Had your vaccinations? Spewing clouds of toxins, coronavirus and STDs? Come right in!

      Sorry but policies like this are purely theatre unless they demand a test from everybody.

    7. Zher0

      Re: Good.

      yeah, yeah.. nah

      weed got this bro

      A new study from Oregon State University shows that cannabis can keep covid from entering human cells.

      According to a press release from OSU, Van Breemen and collaborators, including scientists at Oregon Health & Science University, found that a pair of cannabinoid acids bind to the SARS-CoV-2 spike protein, blocking a critical step in the process the virus uses to infect people.

      The compounds are cannabigerolic acid, or CBGA, and cannabidiolic acid, CBDA, and the spike protein is the same drug target used in COVID-19 vaccines and antibody therapy. A drug target is any molecule critical to the process a disease follows, meaning its disruption can thwart infection or disease progression.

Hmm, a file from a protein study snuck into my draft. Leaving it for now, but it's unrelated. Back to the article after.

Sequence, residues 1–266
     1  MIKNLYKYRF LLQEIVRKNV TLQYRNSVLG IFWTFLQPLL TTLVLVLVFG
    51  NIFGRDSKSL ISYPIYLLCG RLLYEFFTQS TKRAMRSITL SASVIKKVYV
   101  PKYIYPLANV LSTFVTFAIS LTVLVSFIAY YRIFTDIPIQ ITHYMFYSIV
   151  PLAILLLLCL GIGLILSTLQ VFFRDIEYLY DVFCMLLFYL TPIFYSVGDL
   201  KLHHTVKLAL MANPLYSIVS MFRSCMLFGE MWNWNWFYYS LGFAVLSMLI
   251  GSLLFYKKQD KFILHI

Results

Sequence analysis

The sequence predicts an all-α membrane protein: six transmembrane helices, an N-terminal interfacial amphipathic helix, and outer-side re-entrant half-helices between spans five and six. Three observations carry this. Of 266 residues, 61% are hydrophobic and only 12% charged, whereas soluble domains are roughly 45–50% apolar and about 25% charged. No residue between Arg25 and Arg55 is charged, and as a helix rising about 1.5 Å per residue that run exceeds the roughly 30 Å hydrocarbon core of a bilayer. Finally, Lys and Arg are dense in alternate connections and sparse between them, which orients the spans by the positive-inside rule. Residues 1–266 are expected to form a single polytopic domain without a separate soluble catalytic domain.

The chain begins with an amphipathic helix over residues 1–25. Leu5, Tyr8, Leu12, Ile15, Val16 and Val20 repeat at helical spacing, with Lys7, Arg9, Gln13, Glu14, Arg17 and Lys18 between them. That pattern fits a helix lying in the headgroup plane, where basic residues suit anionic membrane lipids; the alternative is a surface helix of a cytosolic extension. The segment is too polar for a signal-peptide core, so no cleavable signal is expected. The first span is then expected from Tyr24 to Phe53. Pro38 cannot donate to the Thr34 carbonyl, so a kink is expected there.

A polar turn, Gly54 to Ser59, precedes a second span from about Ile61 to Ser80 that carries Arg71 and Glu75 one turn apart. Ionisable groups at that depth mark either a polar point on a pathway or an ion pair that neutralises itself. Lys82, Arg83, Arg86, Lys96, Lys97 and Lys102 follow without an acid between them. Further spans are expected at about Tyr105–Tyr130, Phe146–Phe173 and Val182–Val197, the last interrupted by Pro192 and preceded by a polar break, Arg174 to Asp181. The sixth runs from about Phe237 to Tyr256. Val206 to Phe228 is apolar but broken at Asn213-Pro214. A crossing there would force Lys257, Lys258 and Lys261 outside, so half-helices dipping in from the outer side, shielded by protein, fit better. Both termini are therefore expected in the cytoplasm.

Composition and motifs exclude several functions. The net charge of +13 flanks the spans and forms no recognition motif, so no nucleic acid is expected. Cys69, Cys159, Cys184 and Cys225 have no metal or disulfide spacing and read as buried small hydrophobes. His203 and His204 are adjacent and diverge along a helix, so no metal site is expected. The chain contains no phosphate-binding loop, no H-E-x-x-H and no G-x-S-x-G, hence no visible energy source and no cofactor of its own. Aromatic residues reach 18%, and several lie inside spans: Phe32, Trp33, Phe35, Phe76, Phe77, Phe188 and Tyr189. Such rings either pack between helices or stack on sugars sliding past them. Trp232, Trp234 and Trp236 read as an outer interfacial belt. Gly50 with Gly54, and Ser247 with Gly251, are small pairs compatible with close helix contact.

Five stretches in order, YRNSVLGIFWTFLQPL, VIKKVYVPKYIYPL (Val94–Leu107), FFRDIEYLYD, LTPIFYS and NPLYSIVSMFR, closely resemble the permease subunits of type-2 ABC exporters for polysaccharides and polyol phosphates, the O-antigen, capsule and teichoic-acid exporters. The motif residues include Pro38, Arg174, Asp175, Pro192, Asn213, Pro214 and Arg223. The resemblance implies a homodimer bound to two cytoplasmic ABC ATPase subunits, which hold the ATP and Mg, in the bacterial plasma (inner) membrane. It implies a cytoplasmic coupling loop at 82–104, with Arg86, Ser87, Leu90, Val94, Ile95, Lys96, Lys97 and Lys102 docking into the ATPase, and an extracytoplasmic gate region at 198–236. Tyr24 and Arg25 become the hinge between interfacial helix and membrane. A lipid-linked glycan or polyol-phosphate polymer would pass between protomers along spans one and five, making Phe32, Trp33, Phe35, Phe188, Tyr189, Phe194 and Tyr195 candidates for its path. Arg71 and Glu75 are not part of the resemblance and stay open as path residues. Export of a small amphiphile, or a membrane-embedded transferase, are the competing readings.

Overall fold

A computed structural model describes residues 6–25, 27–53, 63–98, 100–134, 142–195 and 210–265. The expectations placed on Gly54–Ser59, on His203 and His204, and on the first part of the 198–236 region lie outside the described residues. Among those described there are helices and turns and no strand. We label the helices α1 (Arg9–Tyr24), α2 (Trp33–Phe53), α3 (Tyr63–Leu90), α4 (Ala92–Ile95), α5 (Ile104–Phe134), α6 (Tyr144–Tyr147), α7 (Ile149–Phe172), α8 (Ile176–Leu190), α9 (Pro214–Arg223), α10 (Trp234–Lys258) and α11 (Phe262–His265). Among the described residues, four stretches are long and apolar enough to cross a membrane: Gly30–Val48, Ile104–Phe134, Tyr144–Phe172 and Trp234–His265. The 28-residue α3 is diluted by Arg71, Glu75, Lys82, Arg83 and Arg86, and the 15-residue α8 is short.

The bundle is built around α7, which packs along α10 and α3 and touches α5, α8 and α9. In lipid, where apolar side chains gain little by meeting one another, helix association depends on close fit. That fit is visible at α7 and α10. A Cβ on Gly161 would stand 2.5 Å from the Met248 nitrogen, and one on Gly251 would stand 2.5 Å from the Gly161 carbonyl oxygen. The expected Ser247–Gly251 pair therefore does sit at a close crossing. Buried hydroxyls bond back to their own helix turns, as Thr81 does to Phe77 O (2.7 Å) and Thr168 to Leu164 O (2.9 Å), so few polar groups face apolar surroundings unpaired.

“These cannabinoid acids are abundant in hemp and in many hemp extracts,” van Breemen said. “They are not controlled substances like THC, the psychoactive ingredient in marijuana, and have a good safety profile in humans. And our research showed the hemp compounds were equally effective against variants of SARS-CoV-2, including variant B.1.1.7, which was first detected in the United Kingdom, and variant B.1.351, first detected in South Africa.” Those two variants are also known the alpha and beta variant, respectively.

      Well, shit, I will get right on that. Ounce of prevention worth a pound of cure, I always said. Nip covid in the bud. Or with the bud. Stay safe and happy!

  2. Anonymous Coward
    Anonymous Coward